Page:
Repairing or upgrading your bike! Look for items on UMB site Discussion board for bike fanatics! Visit the UMB store!
Css Menu Javascript by v4.3.0

The One and Only Slickrock Trail!

This is the world-famous Slickrock Trail near Moab, Utah. This 10.6 mile lariat loop twists and rolls through Navajo sandstone to a breathtaking view over the Colorado River. The Slickrock Trail is rated high technical difficulty and high aerobic requirement. But many MANY "not-very-good" bikers ride this trail, with many short hikes over the tough spots.

Matt, Chad, and Mike ride a typical section of trail. 99% of the riding is on sandstone!  Original review by Bruce in May 1998. This photo from October 2001. Latest page update May 2019.

The sandstone is sometimes smooth, sometimes rough. While Slickrock is best on a full-suspension bike, a hardtail works. If your bike hasn't seen rock before, it's best to stop every few miles and check all the bolts and cables. Bike parts tend to rattle loose. If you're riding a cheap bike, check the fillings in your teeth, too.

Some of the climbs are incredibly steep, requiring you to stand on the pedals with the handlebars right up against your body. Most riders (probably 98%) will push the bike up at least a couple of slopes. In all, you'll do well over 2500 vertical feet of climbing.

Chad cruises uphill, with a piece of the Moab valley showing in the background. The trail is marked by white dots on the rock. You won't get lost.

Spring and fall are best for biking southern Utah. (It gets pretty hot in the middle of a mid-summer's day.) But we've done Slickrock in both December and July, and had a great time. Just dress for the weather, bring emergency clothing, and make sure you're prepared to spend longer on the trail than you'd planned. Pack plenty of water and make sure you have enough calories for this taxing ride.

The crew drops from a sandstone dome and turns above the cliffs. In the middle of the photo is the Colorado River -- a 400-foot drop.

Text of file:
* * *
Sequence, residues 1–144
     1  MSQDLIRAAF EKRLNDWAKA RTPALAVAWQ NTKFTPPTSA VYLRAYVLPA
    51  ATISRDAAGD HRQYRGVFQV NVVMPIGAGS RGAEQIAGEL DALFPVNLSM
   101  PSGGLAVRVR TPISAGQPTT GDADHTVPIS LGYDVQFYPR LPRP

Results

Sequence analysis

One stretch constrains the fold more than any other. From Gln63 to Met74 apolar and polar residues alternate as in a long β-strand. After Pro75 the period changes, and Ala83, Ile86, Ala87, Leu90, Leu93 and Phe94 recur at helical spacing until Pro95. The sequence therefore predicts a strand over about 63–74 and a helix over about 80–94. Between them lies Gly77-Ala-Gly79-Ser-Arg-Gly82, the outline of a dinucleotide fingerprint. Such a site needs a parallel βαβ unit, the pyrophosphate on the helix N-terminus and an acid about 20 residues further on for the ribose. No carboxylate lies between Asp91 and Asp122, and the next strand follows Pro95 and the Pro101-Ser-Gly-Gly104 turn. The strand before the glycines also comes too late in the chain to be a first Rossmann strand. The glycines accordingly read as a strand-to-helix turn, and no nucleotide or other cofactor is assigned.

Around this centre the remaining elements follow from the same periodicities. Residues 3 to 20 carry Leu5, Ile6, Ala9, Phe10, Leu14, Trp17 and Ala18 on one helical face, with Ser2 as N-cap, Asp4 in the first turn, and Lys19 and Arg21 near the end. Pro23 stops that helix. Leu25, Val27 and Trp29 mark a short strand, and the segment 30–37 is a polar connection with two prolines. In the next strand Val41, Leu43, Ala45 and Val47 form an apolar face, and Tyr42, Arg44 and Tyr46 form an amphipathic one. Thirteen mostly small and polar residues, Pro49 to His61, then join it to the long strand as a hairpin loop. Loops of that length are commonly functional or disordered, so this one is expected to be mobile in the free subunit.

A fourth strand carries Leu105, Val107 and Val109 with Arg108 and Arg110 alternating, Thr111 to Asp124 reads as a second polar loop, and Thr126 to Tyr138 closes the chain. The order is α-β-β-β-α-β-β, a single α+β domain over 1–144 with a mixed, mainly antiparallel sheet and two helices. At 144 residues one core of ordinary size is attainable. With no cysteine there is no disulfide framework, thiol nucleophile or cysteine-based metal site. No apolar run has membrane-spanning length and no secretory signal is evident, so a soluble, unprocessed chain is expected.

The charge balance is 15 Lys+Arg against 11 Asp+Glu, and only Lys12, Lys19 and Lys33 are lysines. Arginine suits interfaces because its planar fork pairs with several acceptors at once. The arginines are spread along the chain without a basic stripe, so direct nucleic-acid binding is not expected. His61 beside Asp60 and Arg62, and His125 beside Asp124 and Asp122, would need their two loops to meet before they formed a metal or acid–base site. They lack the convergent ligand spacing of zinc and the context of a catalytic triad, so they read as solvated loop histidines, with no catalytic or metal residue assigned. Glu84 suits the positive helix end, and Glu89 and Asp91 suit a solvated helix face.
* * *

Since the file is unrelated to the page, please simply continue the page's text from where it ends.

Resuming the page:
There are nice toilets -- which can function as your changing room -- at the trailhead. There's no water, though. Bring everything with you.

As the home of the most famous bike trail in the world, Moab has more bike stores and motels than most large cities. It's about four hours from the Salt Lake City airport, and you can rent your bike equipment when you get there.

Alexander Rodriquez, age 8, launches off the Navajo sandstone on the Slickrock trail. Photo by Randy Klein, April 16, 2006.

The rock you're riding on is Navajo Sandstone, laid down in desert sand dunes during the Jurassic Period, about 200 million years ago. The rock weathers into domes and mounds that allow a bike to grind uphill -- if you're strong enough. 99% of the riding is on awesome, undulating rock -- that's why Slickrock is famous. The trail is well-marked with white dots on the rock. The major trail forks, such as the forks for the practice loop and the main loop, are also painted onto the rock.

Mike gets up over the handlebars to tackle a steep section.

A slickride from many years ago...

 If the above video does not appear on your browser/device, you can watch it on YouTube by clicking here.

The ride...

Starting from the parking lot, you'll reach a trail fork after 1/3 mile. Her the main trail goes to the left. Straight ahead is a short (1.3 mile) "practice loop." The practice loop ends on the main path about 1/2 mile from where you are. Go left if you aren't sure you can handle the extra distance and work of the practice loop; right if you're doing everything or only the practice loop.

Bruce heads away from the Slickrock parking lot.